The PhD project consists of assisting in the creation of a real-time room acoustic simulator for use with musicians, taking into account the musicians movements and the impact of dynamic source directivity. The simulator will be put into use for studying the impact of room acoustics on musicians playing, focusing on comparisons between Baroque chamber music venues and modern day equivalents. The thesis work will contribute to the research and documentation of pertinent venues, acoustic measurements of existing venues, and the creation of ecologically valid geometrical acoustics models of on these venues. The thesis will comprise a series of perceptual studies examining the impact of acoustic variations on playing, in the context of historically informed performance methods.


The candidate, with a master’s degree in acoustics or related fields, will need the skills to work at the intersection of room acoustic modelling, psychoacoustics, and archeological acoustics (archeoacoustics). An interest/passion for history and music be an additional asset. The ability to work independantly as well as part of a group is fundamental to a successful candidate. Motivation, self-discipline, and maturity are needed for this highly interdisciplinary and collaborative project.


The PhD will be supervised by Brian FG Katz, CNRS Research Director at the Institut d'Alembert, Sorbonne University, and Théodora Psychoyou, Assistant Professor, University of Paris-Sorbonne and IReMus.


Please submit a detailed CV, Master’s degree transcript, letter of motivation concerning the proposed subject, and a list of 2 references that can be contacted. Material, PDF format, should be addressed to brian.katz@sorbonne-universite.fr.


In order to compete the selection and submission process, all above materials must be received by no later than 3-July-2019.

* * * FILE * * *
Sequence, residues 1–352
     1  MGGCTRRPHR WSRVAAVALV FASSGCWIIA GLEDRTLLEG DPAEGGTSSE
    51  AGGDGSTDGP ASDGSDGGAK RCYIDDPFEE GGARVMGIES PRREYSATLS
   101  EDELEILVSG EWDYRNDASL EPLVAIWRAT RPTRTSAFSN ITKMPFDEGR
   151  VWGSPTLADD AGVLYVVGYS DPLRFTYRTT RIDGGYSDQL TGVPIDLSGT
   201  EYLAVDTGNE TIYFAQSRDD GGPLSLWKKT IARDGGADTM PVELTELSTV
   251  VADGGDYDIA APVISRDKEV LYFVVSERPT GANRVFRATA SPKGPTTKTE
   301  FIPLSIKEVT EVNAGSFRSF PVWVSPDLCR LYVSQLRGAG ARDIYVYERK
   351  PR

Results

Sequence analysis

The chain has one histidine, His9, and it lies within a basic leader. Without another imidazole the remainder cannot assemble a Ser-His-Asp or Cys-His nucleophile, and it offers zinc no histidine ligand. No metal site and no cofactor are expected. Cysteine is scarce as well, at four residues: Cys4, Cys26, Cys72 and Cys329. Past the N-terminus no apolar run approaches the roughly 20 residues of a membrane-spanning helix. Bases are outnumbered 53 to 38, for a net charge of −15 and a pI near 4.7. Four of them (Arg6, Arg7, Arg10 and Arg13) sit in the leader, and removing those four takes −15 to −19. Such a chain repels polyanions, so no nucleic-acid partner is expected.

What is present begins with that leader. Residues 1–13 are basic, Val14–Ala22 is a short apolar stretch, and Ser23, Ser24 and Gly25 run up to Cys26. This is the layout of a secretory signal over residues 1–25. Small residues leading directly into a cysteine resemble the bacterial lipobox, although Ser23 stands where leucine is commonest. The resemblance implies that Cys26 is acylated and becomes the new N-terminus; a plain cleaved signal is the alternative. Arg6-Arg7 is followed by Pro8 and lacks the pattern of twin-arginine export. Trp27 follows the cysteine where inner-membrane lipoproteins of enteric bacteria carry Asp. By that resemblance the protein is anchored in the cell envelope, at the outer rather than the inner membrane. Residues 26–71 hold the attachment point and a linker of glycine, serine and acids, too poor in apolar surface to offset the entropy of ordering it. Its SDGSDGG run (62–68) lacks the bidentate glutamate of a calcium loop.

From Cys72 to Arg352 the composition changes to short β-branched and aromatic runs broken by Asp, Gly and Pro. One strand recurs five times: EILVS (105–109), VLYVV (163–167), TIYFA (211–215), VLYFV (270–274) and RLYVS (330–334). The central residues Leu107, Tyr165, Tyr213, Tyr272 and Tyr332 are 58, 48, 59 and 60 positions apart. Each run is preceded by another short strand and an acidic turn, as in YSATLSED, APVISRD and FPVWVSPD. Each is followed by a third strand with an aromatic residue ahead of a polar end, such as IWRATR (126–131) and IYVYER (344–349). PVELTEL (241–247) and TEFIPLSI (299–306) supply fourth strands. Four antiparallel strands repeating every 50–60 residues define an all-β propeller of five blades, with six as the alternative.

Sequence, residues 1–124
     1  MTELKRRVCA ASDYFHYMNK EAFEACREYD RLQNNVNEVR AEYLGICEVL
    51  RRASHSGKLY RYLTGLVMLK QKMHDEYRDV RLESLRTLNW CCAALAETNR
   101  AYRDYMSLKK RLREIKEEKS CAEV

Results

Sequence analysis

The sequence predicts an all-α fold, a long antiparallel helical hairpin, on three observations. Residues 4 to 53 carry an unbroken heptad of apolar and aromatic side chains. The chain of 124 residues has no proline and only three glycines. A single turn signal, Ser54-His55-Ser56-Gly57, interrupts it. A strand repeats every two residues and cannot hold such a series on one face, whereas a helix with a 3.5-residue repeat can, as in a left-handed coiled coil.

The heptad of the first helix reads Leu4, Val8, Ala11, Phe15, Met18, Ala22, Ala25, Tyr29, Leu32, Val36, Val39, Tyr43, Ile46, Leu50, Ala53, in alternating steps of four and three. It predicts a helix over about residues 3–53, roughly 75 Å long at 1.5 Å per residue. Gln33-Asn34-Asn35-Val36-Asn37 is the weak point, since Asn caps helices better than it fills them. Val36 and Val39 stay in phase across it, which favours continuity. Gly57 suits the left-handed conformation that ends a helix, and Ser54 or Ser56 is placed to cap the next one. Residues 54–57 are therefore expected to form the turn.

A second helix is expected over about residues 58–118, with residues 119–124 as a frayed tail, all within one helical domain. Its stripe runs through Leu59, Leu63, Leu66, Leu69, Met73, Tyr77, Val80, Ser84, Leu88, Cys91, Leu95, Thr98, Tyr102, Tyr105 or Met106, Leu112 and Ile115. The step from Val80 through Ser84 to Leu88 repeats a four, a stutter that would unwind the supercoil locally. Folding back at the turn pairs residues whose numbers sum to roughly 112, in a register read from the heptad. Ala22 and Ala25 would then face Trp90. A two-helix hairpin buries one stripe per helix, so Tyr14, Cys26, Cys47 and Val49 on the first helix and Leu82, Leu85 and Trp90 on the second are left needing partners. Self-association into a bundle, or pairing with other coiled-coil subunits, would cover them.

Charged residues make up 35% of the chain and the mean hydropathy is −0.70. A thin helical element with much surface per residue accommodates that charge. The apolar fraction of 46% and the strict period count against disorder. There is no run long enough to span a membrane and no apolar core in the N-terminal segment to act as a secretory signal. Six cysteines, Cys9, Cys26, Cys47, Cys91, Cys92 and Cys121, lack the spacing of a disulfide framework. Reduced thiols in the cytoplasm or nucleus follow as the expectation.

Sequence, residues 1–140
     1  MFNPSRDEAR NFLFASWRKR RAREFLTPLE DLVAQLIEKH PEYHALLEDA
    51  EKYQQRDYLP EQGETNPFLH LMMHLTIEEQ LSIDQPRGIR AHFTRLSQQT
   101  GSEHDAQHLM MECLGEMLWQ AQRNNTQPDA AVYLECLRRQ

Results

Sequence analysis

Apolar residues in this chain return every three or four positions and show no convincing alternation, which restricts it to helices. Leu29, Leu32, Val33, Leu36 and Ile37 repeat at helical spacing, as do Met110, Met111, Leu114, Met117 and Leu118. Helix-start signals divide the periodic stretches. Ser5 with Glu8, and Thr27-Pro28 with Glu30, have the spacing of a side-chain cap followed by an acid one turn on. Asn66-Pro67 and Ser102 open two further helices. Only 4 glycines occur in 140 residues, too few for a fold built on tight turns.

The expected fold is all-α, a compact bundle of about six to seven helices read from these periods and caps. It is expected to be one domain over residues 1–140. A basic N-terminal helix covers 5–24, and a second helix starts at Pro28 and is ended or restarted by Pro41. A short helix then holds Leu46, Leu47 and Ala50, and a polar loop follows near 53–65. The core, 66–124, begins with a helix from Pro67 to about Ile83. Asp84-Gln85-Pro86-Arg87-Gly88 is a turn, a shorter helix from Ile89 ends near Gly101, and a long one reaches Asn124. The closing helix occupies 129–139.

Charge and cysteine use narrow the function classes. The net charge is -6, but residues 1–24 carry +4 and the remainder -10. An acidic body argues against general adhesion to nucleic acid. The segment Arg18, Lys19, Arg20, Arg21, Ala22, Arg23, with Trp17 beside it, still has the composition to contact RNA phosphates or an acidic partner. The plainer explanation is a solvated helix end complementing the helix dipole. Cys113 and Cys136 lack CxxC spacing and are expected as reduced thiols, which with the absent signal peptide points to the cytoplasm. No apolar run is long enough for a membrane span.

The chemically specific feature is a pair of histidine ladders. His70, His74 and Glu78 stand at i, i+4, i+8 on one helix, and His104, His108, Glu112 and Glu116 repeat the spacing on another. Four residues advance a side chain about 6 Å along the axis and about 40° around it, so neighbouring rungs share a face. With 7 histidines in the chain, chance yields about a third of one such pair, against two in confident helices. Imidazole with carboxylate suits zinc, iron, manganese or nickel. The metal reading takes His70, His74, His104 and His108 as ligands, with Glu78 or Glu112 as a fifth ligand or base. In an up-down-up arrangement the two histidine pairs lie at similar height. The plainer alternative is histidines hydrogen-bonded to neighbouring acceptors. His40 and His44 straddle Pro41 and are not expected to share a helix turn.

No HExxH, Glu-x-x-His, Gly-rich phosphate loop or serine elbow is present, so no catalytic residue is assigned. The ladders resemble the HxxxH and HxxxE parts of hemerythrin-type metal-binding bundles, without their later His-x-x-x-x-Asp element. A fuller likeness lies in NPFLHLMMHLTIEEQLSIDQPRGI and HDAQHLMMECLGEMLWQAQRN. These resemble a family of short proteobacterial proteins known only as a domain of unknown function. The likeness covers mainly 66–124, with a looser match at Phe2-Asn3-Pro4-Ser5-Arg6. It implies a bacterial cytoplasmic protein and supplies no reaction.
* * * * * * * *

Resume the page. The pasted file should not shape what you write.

Relavent articles

  • B. N. Postma, S. Dubouilh, and B. F. Katz, “An archeoacoustic study of the history of the Palais du Trocadero (1878-1937),” J. Acoust. Soc. Am., pp. 2810–2821, Apr. 2019, doi:10.1121/1.5095882. SI: Room Acoustics Modeling and Auralization.
  • B. N. Postma, H. Demontis, and B. F. Katz, “Subjective evaluation of dynamic voice directivity for auralizations,” Acta Acust united Ac, vol. 103, pp. 181–184, 2017, doi:10.3813/AAA.919045.
  • B. N. Postma and B. F. Katz, “Perceptive and objective evaluation of calibrated room acoustic simulation auralizations,” J. Acoust. Soc. Am., vol. 140, pp. 4326–4337, Dec. 2016, doi:10.1121/1.4971422.
  • B. N. Postma and B. F. Katz, “Creation and calibration method of virtual acoustic models for historic auralizations,” Virtual Reality, vol. 19, no. SI: Spatial Sound, pp. 161–180, 2015, doi:10.1007/s10055-015-0275-3.
  • D. Thery, D. Poirier-Quinot, B. N. Postma, and B. F. Katz, “Impact of the visual rendering system on subjective auralization assessment in VR,” in Virtual Reality and Augmented Reality (J. Barbic, M. D’Cruz, M. Latoschik, M. Slater, and P. Bourdot, eds.), no. 10700 (EuroVR 2017) in Lecture Notes in Computer Science (LNCS), pp. 105–118, Springer, 2017, doi:10.1007/978-3-319-72323-5_7.
  • B. N. Postma, D. Poirier-Quinot, J. Meyer, and B. F. Katz, “Virtual reality performance auralization in a calibrated model of Notre-Dame Cathedral,” in Euroregio, (Porto), pp. 6:1–10, June 2016.